L.E. Ahaneku ( Department of Biochemistry and Cell Biology, National Institute of Health, Toyama 1-23-1, Shinjuku-ku, Tokyo 162, Japan. )
G.O. Taylor ( Departmemts of Chemical Pathology and Pharmacology, College of Medicine, University of Ibadan, Ibadan, Nigeria. )
E.O. Agbedana ( Departmemts of Chemical Pathology and Pharmacology, College of Medicine, University of Ibadan, Ibadan, Nigeria. )
O Walker ( Departmemts of Therapeutics, College of Medicine, University of Ibadan, Ibadan, Nigeria. )
L.A. Salako ( Departmemts of Therapeutics, College of Medicine, University of Ibadan, Ibadan, Nigeria. )
A cross-over study, comparing the effects of doxazosin, moduretic and amlodipine on plasma lipid and lipoprotein levels in 9 hypertensive Nigerians aged 35 to 65 years is presented. Doxazosin therapy had favourable lipid changes characterized by a statistically significant reduction in total cholesterol (TC) at 6 months. Though consistent reduction was observed in total triglycerides (TG) low density lipoprotein cholesterol (LDL-C), very low density lipoprotein-cholesterol (VLDLC) up to 6 months, no effect was seen on high density lipoprotein cholesterol (HDLC),This is against un favourable increments in the mean values of TC, VLDLC, LDLC/HDLC and decrease in HDLCJTC during moduretic treatment phase. Amlodipine therapy did not alter the lipid and lipoprotein levels. The non-significant variation in the mean high density lipoprotein-cholesterol (HDLC) level observed with these agents, seem to suggest that HDL-cholesterol metabolism may be maintained during antihypertensive pharmacotherapy (JPMA 44:166, 1994).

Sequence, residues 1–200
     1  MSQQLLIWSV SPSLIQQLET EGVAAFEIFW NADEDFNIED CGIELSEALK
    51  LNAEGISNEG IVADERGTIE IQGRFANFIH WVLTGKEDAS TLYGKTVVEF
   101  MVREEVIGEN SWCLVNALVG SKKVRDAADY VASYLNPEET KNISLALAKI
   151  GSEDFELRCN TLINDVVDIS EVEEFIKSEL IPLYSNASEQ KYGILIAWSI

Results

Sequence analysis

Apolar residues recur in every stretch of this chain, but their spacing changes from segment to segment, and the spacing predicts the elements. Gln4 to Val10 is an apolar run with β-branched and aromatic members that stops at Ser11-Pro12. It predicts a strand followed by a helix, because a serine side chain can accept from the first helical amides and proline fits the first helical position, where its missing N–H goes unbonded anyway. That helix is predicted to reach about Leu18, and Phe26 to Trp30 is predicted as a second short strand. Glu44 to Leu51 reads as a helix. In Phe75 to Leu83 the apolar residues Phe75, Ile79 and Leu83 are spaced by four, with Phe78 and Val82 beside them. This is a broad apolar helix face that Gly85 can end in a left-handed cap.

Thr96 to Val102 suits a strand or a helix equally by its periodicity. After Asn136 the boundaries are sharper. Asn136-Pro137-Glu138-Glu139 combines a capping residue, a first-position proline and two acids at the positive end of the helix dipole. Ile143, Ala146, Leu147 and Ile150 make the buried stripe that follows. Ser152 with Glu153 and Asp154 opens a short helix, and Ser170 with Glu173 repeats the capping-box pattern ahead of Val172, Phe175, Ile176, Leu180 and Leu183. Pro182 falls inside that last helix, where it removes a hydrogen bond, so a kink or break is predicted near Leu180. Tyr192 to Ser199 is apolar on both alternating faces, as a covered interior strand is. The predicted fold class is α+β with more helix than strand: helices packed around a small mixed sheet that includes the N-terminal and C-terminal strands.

Doxazosin - an alpha selective inhibitor and amlodipine - a calcium channel blocker were recently introduced into treatment of hypertension. The third drug moduretic is a diuretic and consist of hydrochlorothiazide and amiloride hydrochloride and its use in the treatment of hypertension has long been recognised. In a comparative study of doxazosinand atenolol1,2. doxazosin was found to lower triglyceride, while the levels of HDL-cholesterol, HDLC/TC increased and atenolol showed the opposite. Both doxazosin and atenolol did not have any effects on total cholesterol concentration2. A siniilat comparison between the lipid changes during doxazosin and nitrendipine treatment did not reveal any significant variations between the two treatment groups3. Lipid and lipoprotein levels studied during the addition of doxazosin to the treatment regimen of patients not responsive to nifedipine showed that total cholesterol, triglyceride, HDLC and HDLC/TC did not statistically differ from its baseline value after the combined anti-hypertensive treatment4. Since the hallmark of anti-hypertensive phannacothenpy depends on the ability of the drugs to exhibit maximal therapeutic efficacy with minimal side effects; we, therefore, evaluated the lipid and lipoprotein changes in the same hypertensive patients treated with three different classes of anti-hypertensive agents in a double-blind cross-over fashion. This may help to confirm the side effect profiles of these anti-hypertensive agents in our patients.
Patients and Methods